Cook your way to independence: chef Rubio’s revolution

DMAX_CHEF RUBIO_CAMPO DI CIPOLLE di TROPEAGabriele Rubini, aka Chef Rubio, born in Italy in 1983, former rugby player: without a doubt an out of the ordinary chef, an idealist and a revolutionary in his dishes and messages, whose dogma and cuisine are made of simplicity, personal experiences and travels.

In 2016 Chef Rubio is featuring in his first calendar by Excelsa, the Italian company that has been in the kitchen supplies business for almost a hundred years, that chose the street-food TV show presenter Chef Rubio from “Unti e Bisunti” as emblem of the brand’s values for their customers.

We interviewed Chef Rubio for West 46th Magazine and he granted us an exclusive recipe for our NYC readers!

Where does your passion for cooking come from?

I was a curious kid, I would often try different foods and I can’t name one that I didn’t like. I was particularly attracted by bitter tastes.

My taste got very accustomed to different flavors. I started cooking because I had to, my parents were gone most of the day working. My ultimate ambition, though, is not to simply cook, but to nourish and excite those who eat my dishes. Cooking for me is a way to show new cultures to those who can’t travel for whatever reason. My dishes are nothing more than me, what I am and what I’ve seen. Behind my every dish, there is a story.

In your TV show “Unti e Bisunti” there are often cinema quotes. Is that one of your passions, too?

Absolutely! I love cinema. As far as the quotes, it started off as a game with the guys from the crew: “How about we shoot it this way? Or that?”. Then on the set we would naturally come up with quotes from movies based on the perception we had in each city we were shooting in. It basically started on the set as team work.

Chef Rubio – ph Alessia Leporati

What are your favorite characters or movies you take inspiration from?

There’s many, each time a different one: from my homage to De Sica, to Jean Reno’s glance in Léon, or Gary Oldman and Tom Hardy. I could tell you about a different movie each time. Right now: Léon: The Professional, Blade Runner, Requiem for a Dream.

What do you think about American TV shows on food, characters like Anthony Bourdain?

Anthony Bourdain definitely inspired me. I was always curious to see the new places he visited and his approach. But I can’t stand shows of cooking competitions. I’ve been trying to center my life around traveling as much as I can.

Is there anything Italy can learn from America?

I’m reading Michael Pollan’s “Cooked”, and in the middle of the book there’s an analysis on why people like to watch the TV show. The book criticizes multinational companies, but all the while supporting them. In the midst of the balance between junk food and what TV shows present, there is modern food. Americans lack the millenary food culture we have, so they’re curious, they want to learn and be challenged, and they’re presented with a wide range of chefs and professionals. Because they’re resistant to cooking and don’t have our same cultural background on dishes and sharing meals, they’re more attracted to that kind of approach.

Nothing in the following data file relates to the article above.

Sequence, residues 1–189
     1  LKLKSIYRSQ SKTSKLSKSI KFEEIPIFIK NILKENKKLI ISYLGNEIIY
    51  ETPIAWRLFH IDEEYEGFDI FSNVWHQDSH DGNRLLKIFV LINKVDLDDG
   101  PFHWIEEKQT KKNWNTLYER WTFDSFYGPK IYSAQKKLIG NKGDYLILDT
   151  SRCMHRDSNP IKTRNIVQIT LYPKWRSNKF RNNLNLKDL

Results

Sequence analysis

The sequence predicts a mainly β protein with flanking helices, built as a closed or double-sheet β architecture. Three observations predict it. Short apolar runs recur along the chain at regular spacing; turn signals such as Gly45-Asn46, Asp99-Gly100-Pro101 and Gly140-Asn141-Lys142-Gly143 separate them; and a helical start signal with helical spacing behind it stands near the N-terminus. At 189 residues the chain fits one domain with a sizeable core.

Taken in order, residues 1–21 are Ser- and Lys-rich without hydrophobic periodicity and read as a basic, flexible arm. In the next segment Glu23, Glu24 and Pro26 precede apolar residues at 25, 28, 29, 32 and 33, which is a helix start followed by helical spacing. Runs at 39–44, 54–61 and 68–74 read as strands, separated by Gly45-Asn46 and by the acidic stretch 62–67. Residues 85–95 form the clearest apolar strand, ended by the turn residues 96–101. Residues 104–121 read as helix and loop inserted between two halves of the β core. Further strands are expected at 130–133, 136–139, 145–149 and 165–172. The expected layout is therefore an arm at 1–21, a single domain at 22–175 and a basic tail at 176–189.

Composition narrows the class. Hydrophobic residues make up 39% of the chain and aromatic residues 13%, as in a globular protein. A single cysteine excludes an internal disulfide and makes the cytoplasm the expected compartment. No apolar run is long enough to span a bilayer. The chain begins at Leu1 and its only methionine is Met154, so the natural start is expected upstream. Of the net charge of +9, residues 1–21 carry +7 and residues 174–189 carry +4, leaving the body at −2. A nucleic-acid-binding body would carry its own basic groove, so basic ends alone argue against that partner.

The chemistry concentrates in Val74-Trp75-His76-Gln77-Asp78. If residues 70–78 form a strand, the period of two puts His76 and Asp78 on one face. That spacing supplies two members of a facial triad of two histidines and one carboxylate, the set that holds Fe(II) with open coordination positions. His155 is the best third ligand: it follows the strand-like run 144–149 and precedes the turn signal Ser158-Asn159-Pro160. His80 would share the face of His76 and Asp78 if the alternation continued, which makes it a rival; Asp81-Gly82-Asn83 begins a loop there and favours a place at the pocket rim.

The way I see it, if I can do it, so can you. Trying makes you independent. If we awake consciences we can create a world where we don’t have to turn to ready-made meals.

To sum it up, my cooking is intended to make people independent. It sends a specific message, which isn’t about cooking well or not, but rather pursuing independence.

Credit CaRbonelli&Seganti LOW
Chef Rubio – ph Carbonelli e Seganti

What do you think about the “Veggie” culture?

We owe our culture to the essential use of fire and meat, main elements to our once limited diet. To me this sort of vegetarian “crusade” is somewhat short-lived and extremist. Including a bit of everything in our diet is the way to go to respect the environment and our body. I’ve never been a fan of extreme positions.

Future plans?

I’m going to continue my project with sign language for hearing impaired who deserve to have access to recipes, too. Since the last two years I’m working with the “Sordi” National Institute of Rome for this project. I would also like to work abroad, but never forgetting Italy of course.

Chef Rubio’s recipe: Steak Tartare, Aleppo-NY 1 Way. 


BEEF 400 gr
ONION 100 gr
YOGURT 50 gr
CORN OIL 1 tsp
SALT ½ tsp
SALT 5gr


First off wash the eggplants, slice them in thin sticks. Cover them with coarse salt and let them rest 15′ in a drainer with some weight on them. Chop the onion and season it with the sesame and corn oil, salt, pepper and fresh and dry cilantro, and finally with lemon juice. Dice the beef about 5 mm thick, toss it in the onion marinade and mix well. Add salt and lemon if necessary. Dry the eggplant sticks and fry them in hot extra virgin olive oil until they’re crunchy.

Lay the meat on a plate next to the fried eggplants and season with yogurt.

by Gabriele Scarfone

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